This post is part of the 31 Days of Dear Mom Letters series. Read the series introduction here. Find all posts here. This post is part 2 of the “Dear Mom Who Can’t Afford Organic Food” posts. Read part 1 here.
Dear Mom Who Can’t Afford Organic Food, In this post, I tackled head on the myth that everyone can afford organic food. It simply isn’t true. “When there is a will, there is a way” is just cliche to someone struggling to meet even their basic needs. And maybe that is you. But like me, you read; you research. And like me, you know that feeding your babies hotdogs and Twinkies is not healthy. You want something better for your children. But you are frustrated. I hear you, Mama. I am, too. It almost feels like a trap, right? Like you see the light at the end of the tunnel–you know what it might take to make your child healthier–but you keep running and just cannot get there. I’ve been there. Totally been there. What my post the other day lacked was some practical ways to eat well when you can’t afford organic food. There are things you can do! Check these out:
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1. Avoid the dirty dozen.
Not sure what this means? Each year, the Environmental Working Group (EWG) releases 12 of the most pesticide-laden or “dirty” fruits and veggies sold in the U.S. Get a copy of the list and work toward avoiding eating too much of these items. You can find the 2013 list here. In short, this year try not to overly consume conventional apples, celery, cherry tomatoes, cucumbers, grapes, hot peppers, imported nectarines, peaches, potatoes, spinach, strawberries, sweet bell peppers, kale/collard green and summer squash.
2. Avoid GMOs.
What are genetically modified foods? The top ones in the U.S. include corn, soy, Hawaiian paypaya, cotton, canola (among others). I think avoiding these foods may be even more important than avoiding the dirty dozen! If it’s not organic, then it’s probably genetically modified if you live in the U.S. Read more about GMOs here.
3. Eat from the Clean 15 list.
Yay! Here’s a list where you aren’t just avoiding something! The EWG publishes this list of “clean” or lower-sprayed foods each year as well! These are foods you should eat from in abundance. Do note that corn and papaya are both included on this list, and you still may want to avoid them because they are GMO.
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4. Avoid processed meats.
Ideally, you would want to buy grass-fed, pastured, locally-raised meats. But our world isn’t always ideal. So instead of eating hotdogs and chicken nuggets, make the simple switch to cooking meals with plain meat that you season yourself. Buy various cuts of chicken, beef or pork–or buy fish (preferably wild caught, but if it’s not in your budget, it’s not!). If it’s in your budget, buy hormone/antibiotic free, but don’t feel bad if you can’t. Just do the best you can.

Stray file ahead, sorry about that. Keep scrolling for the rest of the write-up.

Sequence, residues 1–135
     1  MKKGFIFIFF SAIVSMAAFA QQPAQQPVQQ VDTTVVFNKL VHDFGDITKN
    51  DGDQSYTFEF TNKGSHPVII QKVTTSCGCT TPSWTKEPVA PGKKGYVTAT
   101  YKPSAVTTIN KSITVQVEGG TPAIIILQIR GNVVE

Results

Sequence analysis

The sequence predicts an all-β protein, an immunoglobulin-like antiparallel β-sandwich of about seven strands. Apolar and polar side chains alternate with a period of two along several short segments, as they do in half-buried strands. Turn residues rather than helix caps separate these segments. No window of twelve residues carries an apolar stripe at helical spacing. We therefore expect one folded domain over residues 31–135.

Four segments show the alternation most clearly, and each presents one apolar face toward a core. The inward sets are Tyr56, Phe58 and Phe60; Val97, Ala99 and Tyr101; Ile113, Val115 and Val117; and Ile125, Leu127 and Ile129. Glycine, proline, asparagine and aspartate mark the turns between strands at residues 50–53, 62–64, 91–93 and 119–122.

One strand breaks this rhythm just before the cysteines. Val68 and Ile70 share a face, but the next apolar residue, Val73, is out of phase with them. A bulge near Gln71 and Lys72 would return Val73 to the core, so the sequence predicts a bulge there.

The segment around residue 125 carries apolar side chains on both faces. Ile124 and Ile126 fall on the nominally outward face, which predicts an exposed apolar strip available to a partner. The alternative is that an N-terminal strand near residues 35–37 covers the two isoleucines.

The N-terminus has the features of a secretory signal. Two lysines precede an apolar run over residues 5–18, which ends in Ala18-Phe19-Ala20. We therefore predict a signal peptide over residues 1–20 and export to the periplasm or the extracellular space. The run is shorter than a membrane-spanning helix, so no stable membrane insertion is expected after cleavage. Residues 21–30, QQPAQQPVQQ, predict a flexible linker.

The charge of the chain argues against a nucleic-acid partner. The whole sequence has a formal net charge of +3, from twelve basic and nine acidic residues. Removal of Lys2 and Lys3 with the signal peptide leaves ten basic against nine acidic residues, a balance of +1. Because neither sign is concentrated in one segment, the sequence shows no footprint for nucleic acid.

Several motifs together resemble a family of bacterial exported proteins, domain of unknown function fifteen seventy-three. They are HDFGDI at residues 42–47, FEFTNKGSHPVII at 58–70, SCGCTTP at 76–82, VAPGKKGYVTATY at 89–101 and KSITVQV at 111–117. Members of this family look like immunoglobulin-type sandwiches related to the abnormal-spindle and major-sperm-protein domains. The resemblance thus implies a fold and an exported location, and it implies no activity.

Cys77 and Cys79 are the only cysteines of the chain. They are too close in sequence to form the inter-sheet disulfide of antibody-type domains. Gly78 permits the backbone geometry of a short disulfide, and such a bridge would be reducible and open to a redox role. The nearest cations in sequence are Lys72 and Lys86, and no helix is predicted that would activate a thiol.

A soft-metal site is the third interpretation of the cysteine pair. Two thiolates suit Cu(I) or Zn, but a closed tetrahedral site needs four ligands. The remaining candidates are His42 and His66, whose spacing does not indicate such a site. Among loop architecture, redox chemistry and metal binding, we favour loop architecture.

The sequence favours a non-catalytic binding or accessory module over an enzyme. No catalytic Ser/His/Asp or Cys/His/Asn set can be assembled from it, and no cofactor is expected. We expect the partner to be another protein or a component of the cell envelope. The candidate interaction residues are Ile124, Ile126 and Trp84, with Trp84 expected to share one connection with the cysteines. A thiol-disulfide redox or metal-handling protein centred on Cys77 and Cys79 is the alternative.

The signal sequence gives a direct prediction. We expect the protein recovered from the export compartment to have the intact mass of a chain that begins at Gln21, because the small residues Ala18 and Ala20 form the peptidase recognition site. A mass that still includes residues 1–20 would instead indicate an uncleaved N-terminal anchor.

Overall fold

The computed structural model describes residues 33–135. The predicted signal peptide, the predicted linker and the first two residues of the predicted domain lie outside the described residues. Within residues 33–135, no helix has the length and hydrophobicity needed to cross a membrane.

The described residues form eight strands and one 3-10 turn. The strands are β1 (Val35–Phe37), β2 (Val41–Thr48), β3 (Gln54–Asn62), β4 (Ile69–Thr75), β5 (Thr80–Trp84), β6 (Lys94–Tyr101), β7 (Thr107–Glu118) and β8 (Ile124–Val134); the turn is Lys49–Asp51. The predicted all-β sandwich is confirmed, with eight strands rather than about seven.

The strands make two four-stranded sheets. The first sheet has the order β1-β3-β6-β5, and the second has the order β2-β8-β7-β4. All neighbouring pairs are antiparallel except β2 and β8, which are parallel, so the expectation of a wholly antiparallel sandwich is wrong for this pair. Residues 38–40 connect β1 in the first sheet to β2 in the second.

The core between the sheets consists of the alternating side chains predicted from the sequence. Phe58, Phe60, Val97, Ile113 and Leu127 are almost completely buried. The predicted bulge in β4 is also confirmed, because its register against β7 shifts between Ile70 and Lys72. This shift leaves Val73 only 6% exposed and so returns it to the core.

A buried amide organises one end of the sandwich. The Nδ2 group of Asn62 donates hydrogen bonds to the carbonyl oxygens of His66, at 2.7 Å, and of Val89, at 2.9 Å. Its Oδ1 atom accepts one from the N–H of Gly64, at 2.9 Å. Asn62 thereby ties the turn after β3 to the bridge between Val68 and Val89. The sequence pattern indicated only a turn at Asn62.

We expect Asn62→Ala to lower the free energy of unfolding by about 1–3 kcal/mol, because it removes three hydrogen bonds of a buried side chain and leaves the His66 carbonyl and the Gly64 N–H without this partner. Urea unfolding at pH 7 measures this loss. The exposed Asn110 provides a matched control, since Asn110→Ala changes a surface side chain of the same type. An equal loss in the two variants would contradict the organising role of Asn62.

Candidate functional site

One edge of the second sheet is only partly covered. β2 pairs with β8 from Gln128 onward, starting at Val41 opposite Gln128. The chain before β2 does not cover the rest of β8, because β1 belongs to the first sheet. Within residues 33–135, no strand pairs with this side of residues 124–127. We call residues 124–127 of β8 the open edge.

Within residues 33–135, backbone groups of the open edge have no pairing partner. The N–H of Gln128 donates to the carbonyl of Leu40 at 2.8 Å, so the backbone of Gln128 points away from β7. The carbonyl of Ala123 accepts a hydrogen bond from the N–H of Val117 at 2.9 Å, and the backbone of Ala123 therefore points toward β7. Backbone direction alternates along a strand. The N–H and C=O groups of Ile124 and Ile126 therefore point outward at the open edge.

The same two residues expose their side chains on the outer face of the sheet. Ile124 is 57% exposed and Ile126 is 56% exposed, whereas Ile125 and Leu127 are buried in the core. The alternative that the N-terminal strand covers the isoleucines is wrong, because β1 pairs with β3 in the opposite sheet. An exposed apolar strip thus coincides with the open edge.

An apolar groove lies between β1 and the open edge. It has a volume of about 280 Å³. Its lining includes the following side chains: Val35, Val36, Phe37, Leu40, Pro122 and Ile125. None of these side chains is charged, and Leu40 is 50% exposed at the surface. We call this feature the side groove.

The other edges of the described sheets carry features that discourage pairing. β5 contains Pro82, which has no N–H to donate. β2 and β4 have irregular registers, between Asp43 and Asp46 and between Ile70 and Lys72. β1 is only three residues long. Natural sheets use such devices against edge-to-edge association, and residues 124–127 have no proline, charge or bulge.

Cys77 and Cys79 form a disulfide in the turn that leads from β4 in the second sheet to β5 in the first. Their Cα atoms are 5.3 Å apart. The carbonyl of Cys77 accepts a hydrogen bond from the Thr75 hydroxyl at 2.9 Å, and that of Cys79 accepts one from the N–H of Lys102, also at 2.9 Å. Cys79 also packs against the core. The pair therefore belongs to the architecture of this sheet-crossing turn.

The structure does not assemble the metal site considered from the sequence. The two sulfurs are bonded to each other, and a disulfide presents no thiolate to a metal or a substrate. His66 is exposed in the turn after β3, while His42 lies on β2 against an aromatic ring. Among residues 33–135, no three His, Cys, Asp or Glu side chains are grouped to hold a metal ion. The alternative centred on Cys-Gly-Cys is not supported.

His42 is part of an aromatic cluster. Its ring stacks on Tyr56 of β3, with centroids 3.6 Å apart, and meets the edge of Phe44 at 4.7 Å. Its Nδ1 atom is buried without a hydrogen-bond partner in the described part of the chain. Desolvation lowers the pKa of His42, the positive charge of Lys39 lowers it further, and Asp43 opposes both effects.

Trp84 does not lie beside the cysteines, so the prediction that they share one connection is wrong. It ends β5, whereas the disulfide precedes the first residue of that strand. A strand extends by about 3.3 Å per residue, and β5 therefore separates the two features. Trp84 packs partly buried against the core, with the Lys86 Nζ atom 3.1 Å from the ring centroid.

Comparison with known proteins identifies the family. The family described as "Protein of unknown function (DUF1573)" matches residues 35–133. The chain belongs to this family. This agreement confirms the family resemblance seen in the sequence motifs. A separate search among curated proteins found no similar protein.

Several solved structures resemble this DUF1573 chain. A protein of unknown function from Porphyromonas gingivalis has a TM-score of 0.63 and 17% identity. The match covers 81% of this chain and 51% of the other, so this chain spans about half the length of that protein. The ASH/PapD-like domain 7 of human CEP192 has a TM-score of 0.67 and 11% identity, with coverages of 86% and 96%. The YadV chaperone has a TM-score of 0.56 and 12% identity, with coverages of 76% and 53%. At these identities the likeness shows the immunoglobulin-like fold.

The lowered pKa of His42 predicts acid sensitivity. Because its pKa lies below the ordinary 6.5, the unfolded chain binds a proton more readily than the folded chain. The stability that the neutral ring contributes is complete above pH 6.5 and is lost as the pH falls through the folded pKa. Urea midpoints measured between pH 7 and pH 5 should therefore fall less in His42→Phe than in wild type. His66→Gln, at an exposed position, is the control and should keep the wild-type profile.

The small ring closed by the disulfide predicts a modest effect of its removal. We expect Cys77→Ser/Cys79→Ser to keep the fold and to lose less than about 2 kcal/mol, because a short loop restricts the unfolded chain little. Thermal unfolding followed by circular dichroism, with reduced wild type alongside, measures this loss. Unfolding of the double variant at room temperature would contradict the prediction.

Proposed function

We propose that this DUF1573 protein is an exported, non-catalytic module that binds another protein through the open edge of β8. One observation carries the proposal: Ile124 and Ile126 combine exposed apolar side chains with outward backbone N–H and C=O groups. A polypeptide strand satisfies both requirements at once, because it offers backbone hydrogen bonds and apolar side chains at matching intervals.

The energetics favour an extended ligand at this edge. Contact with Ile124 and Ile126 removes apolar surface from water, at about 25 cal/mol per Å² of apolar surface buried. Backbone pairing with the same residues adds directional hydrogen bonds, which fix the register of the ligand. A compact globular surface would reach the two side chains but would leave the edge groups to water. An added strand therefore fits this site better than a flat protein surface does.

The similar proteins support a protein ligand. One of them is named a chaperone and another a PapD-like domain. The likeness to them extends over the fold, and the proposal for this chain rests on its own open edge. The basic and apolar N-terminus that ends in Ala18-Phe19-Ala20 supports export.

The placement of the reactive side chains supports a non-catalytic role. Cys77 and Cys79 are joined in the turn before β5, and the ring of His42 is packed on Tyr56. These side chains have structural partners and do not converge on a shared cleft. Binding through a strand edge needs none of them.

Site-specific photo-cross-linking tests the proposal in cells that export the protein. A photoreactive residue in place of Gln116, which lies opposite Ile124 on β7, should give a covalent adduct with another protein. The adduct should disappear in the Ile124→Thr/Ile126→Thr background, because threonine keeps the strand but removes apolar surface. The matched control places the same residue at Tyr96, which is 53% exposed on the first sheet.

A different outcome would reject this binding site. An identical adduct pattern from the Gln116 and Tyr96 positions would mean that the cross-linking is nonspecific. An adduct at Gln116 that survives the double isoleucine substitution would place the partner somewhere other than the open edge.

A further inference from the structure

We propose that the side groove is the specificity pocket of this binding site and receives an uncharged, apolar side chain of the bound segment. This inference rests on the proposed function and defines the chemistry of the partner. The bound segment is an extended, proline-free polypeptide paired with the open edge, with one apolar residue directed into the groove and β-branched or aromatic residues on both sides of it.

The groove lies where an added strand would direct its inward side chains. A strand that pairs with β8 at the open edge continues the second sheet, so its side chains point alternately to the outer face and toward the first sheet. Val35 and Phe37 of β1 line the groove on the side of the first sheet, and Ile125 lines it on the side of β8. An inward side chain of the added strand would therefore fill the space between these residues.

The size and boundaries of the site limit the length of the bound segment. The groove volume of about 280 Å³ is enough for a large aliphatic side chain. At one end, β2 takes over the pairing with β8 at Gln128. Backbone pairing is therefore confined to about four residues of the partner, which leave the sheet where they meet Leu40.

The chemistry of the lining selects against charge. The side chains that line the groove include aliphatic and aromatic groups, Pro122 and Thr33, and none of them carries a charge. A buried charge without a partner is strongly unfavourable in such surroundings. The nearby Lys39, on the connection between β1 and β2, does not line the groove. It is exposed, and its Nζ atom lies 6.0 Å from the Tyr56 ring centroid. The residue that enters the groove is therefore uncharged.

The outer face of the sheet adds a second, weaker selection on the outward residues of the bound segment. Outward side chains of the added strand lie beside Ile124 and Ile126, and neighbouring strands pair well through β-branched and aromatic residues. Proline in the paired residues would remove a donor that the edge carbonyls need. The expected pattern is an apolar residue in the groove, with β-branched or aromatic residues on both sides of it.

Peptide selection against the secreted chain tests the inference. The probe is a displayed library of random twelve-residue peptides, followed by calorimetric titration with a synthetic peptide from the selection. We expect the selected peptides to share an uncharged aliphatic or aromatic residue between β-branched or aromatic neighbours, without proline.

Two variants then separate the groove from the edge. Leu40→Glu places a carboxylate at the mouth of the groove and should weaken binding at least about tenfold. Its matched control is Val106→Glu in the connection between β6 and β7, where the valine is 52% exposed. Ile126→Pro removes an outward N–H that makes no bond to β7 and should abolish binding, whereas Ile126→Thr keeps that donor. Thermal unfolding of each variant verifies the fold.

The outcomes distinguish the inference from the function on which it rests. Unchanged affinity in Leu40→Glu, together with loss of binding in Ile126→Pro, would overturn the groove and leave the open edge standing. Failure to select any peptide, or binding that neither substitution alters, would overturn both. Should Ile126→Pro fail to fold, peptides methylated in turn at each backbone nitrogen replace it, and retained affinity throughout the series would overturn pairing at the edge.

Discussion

5. Cook from scratch.
Steam a head of broccoli (it’s the easiest thing ever!) instead of opting for the pre-seasoned, cheesy broccoli bites in the freezer section. Make your own mac ‘n cheese instead of buying the pre-made stuff. Make homemade bread crumbs to bread your own chicken instead of opting for the frozen chicken nuggets at the store. When you cook from scratch, you control the ingredients–not a for-profit company somewhere who cares only about making money, even at the cost of your health.
6. Cut the dairy subs and use the real thing.
When you look at dairy subs (think: coffee creamers, spreadable margarine, etc.), they are almost all made with high levels of GMO ingredients–like soy. Make the switch to using real butter, real yogurt (not the sugar-laden, flavored stuff!), real cheese (not Velveeta!) and real cream.
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7. Use healthy fats.
Canola oil is not healthy. It’s a top GMO crop, and I avoid those at all costs. Instead, use olive oil, palm shortening, coconut oil, real butter or lard. Trina Holden recently posted this GREAT infographic on good fats!
8. Check the clearance produce.
Even during the time we had WIC, I would shop the clearance produce racks to maximize the funds I had. Sometimes, you can even score organic that is cheaper than conventional! Not sure how to use clearance produce? Check out this post!
9. Use fresh when possible, then frozen and then canned.
Fresh produce is always best. But you may not always be able to eat what you prefer. For example, apples are in season in the fall. So, they will be cheaper in the fall. But their price will skyrocketed when they are not in season. For this reason, try to shop for in-season produce that is fresh. But when you can’t get fresh, opt for frozen. Most frozen produce is frozen at its peak time in the season! Lastly, use canned. I really do not recommend canned goods. I have read that only canned tomatoes retain any nutritional value (canned fish is OK, though). Also, most cans are lined with BPA, which is a hormone disruptor.
I will not tell you that everyone can garden. Not everyone can. I think it takes some knack for it. If it were left to me, our garden would never produce a thing! My husband really takes care of it; I just pick out of it! Up until two months ago, we lived in a townhouse, so we didn’t even have a yard. Instead, we used my parents’ land to plant three to four box gardens for the past four summers. Sometimes it was hit or miss, but it was nice to have the little bit of extra when it did go well! If you do not have any land you can use, check out Jami’s Apartment Gardening eBook (<—affiliate link). Above all, just cook with real, whole foods! If you can afford organic, great! But, if not, don’t sweat it or beat yourself up!
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What are your tips for some practical ways to eat well when you can’t afford organic?
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